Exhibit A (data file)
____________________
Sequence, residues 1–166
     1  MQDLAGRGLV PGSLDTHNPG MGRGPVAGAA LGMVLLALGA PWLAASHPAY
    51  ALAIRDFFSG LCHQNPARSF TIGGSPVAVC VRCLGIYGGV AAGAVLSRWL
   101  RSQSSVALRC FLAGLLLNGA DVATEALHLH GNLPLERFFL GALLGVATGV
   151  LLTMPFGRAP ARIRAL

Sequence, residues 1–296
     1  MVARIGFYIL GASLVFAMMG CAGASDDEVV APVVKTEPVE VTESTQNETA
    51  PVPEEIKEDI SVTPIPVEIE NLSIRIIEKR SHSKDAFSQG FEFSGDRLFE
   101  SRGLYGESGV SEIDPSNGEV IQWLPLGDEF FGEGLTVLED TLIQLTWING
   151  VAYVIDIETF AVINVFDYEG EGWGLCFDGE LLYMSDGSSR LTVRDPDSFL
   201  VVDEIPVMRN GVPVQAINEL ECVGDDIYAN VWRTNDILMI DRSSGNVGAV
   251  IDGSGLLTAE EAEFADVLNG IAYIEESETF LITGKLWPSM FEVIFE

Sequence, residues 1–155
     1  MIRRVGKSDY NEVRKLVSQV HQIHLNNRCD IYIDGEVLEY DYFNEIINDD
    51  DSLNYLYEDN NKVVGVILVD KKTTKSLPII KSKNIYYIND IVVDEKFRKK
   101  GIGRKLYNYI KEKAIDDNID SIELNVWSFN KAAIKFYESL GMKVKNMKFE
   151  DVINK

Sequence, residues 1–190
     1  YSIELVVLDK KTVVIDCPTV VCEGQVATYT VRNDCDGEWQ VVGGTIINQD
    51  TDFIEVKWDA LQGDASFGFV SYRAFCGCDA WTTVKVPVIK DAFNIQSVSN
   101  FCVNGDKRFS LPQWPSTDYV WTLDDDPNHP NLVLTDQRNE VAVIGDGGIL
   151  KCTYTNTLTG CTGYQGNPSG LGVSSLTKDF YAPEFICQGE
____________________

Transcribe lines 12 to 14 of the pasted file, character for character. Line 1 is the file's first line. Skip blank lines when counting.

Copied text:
   251  IDGSGLLTAE EAEFADVLNG IAYIEESETF LITGKLWPSM FEVIFE

Sequence, residues 1–155
     1  MIRRVGKSDY NEVRKLVSQV HQIHLNNRCD IYIDGEVLEY DYFNEIINDD